Taylor could be described as a man of interesting politics in many ways. At a time when most Black Americans were politically leaning to the policies of the Republican party in the late 1800s, he was one who encouraged Black readers to consider more the politics of the Democratic party. Interestingly, that shift would occur decades later in the 1960s after the Voting Rights Act. Black registered as Democrats and those with more conservative and sometimes "anti-black" sentiments began to shift in larger numbers to the Republican party. Taylor often lectured how the preferred party of the time had abandoned the Lincoln values and had shifted away in a different direction. He particularly deplored the actions of the Republican Party convention of 1896 nominated persons of all religious and ethnic backgrounds except African Americans.

Julius Taylor did become a strong voice against the lynchings throughout the nation of black people and often was a spokesperson against lynching in The Broad Ax. He also worked tirelessly to encourage the placement of Blacks in Salt Lake City city council, where he met much opposition from a strongly conservative population.

Taylor did not have strong religious feelings and often spoke against issues and conservative policies of the Mormon church and other faiths as well.

His strongest interests were continually equality for all people and the sentiment was found often in his editorials.

Three  years after publication, Taylor left Salt Lake City, and after efforts to have involvement of people of color  and relocated the offices of The Broad Ax to Chicago, where he worked within a city that had a more sizable black population. (2)


1.  Utah Digital Newspapers, Creating Citizen Historians [Link to quotation]

2, A detailed article about Julius Taylor and The Broad Ax can be found in a digitized copy of the Utah Historical Quarterly, Volume 77, No. 3, Summer 2009 p. 204.

Tuesday, August 12, 2014

The Stories We Need to Read

A few books from my personal collection

Yesterday, was Alex Haley's birthday. A genealogy blogger mentioned it and from there, some interesting dialogue emerged. The discussions  about the merits of the work of Alex Haley's Roots, took me back to a conversation that I had over 10 years ago.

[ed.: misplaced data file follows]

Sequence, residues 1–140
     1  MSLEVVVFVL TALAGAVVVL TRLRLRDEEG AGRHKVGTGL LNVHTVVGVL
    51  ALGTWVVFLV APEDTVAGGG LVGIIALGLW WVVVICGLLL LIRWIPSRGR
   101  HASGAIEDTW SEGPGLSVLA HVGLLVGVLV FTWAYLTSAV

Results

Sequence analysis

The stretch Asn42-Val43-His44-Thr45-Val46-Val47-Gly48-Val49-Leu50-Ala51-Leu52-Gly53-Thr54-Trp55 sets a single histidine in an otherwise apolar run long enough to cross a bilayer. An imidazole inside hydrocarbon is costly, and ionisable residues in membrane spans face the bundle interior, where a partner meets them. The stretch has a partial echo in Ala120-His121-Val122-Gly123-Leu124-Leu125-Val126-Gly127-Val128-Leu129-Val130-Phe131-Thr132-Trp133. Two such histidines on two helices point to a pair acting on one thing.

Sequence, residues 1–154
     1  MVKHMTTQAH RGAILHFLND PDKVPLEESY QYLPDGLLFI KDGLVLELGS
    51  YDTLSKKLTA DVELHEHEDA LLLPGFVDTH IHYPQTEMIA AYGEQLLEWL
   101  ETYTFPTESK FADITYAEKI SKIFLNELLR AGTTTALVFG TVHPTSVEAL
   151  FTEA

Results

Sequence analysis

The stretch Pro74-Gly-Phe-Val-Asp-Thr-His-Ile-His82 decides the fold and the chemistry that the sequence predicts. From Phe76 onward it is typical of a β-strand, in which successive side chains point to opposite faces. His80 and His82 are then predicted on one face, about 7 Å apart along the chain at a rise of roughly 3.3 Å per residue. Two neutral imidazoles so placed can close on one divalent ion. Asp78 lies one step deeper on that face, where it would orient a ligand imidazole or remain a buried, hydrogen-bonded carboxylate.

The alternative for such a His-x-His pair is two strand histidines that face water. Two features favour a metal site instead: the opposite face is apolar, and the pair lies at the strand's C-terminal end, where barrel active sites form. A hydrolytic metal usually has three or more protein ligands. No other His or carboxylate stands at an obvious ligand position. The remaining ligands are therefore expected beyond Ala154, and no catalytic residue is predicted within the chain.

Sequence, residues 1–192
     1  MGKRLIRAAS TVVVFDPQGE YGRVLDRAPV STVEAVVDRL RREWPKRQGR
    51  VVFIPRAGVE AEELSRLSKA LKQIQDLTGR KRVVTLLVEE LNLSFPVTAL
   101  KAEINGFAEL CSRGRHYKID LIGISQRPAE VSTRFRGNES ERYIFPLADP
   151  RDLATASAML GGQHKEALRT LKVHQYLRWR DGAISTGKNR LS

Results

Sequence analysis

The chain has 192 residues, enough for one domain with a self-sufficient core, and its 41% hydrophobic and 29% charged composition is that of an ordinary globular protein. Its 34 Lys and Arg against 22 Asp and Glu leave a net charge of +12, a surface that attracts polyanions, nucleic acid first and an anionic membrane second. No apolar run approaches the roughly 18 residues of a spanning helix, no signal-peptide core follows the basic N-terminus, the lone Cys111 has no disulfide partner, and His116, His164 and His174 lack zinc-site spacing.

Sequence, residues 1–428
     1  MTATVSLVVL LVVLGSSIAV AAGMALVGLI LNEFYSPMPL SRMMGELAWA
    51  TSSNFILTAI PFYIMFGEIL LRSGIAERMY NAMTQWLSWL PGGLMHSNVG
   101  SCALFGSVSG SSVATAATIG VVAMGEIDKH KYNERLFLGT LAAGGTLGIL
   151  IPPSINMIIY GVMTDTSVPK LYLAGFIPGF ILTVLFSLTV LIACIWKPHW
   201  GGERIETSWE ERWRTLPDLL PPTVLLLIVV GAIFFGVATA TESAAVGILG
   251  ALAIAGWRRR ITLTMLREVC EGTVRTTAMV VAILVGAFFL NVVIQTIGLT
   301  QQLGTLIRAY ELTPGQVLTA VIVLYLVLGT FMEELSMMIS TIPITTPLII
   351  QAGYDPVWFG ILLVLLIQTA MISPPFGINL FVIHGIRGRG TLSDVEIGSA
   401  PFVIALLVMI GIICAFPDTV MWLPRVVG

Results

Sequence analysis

What came out of that conversation was the fact that for over 150 years, an entire nation had never been presented with the stories of those once enslaved people as human beings with loves, losses, trials, triumphs and basically human needs and conditions. Now, I had started a piece about this some time ago and had never posted it, but in light of the discussion about the merits of "Roots", I am compelled to share some of my thoughts here.  My point is that there is a lesson greater than Roots--and that, for me is the need to put the human face into our history.


"But, I don't read romance novels," I explained to my good friend who was also my genealogy buddy. She had recommended that I read a novel that she had recently enjoyed and suggested that I read it as well. The book was called Topaz, and it was a romance novel by writer Beverly Jenkins.

"Well, it has your people in it," she explained. "It has people from Indian Territory and the main character was a Freedmen, a Black Seminole in fact."

Ok, I admit that she caught my attention with that, and I listed while my friend Argyrie explained to me, why I had to read this book that took place on the western frontier. She pointed out that there were Black US Deputy Marshals, in the story, and that the plot unfolded in 19th century America, with the main character escorting a group of women bound for a town similar to that of Nicodemus Kansas, the black town on the Kansas frontier. So, I decided to read it.

Now, I should explain, that I have ancestors from Indian Territory. My gr. grandparents were Freedmen from the Choctaw Nation, and since 1991, I have continually studied and researched the history of the Freedmen, once enslaved in the Five Civilized Tribes, (Cherokee, Choctaw, Chickasaw, Creek and Seminole nations.) So I was curious to see what author would do to my ancestral community.

Well, I not only enjoyed it, but also, noted that the author, Beverly Jenkins got her history right! Next, I read Night Song, the story of a Black frontier school teacher, a freed woman who had a complicated relationship with a Buffalo Soldier. Her books were classified as "romance" novels, but I read them for their historical content. And I read book after book---Indigo revealed amazing story of a free woman of color working on the Underground Railroad, and her experiences assisting people to freedom. Then, Vivid exposed me to life for women in the late 19th century who dared to enter the field of medicine when women were not encouraged to do so. And what a history lesson it was, learning about the all black settlements in 19th century Michigan! Then it hit me! I had for the very first time, read a novel that reflected people that I knew, people that I research and people who were my own people!